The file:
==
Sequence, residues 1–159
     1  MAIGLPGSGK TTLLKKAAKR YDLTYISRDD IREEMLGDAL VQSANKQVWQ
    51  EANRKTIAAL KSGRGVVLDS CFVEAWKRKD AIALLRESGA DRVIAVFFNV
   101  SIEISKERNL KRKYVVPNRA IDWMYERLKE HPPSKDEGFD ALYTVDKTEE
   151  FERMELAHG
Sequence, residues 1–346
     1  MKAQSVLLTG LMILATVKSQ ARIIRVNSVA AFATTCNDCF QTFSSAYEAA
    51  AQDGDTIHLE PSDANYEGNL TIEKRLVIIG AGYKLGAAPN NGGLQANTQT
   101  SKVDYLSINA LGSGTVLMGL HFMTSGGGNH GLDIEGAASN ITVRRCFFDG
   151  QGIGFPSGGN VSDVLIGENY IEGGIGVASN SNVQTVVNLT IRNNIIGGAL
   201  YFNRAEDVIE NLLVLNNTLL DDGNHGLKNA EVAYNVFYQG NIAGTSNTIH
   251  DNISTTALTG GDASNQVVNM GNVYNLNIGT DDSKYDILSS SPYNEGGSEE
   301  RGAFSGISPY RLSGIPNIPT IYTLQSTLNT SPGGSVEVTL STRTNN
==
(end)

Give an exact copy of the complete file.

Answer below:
Sequence, residues 1–159
     1  MAIGLPGSGK TTLLKKAAKR YDLTYISRDD IREEMLGDAL VQSANKQVWQ
    51  EANRKTIAAL KSGRGVVLDS CFVEAWKRKD AIALLRESGA DRVIAVFFNV
   101  SIEISKERNL KRKYVVPNRA IDWMYERLKE HPPSKDEGFD ALYTVDKTEE
   151  FERMELAHG
Sequence, residues 1–346
     1  MKAQSVLLTG LMILATVKSQ ARIIRVNSVA AFATTCNDCF QTFSSAYEAA
    51  AQDGDTIHLE PSDANYEGNL TIEKRLVIIG AGYKLGAAPN NGGLQANTQT
   101  SKVDYLSINA LGSGTVLMGL HFMTSGGGNH GLDIEGAASN ITVRRCFFDG
   151  QGIGFPSGGN VSDVLIGENY IEGGIGVASN SNVQTVVNLT IRNNIIGGAL
   201  YFNRAEDVIE NLLVLNNTLL DDGNHGLKNA EVAYNVFYQG NIAGTSNTIH
   251  DNISTTALTG GDASNQVVNM GNVYNLNIGT DDSKYDILSS SPYNEGGSEE
   301  RGAFSGISPY RLSGIPNIPT IYTLQSTLNT SPGGSVEVTL STRTNN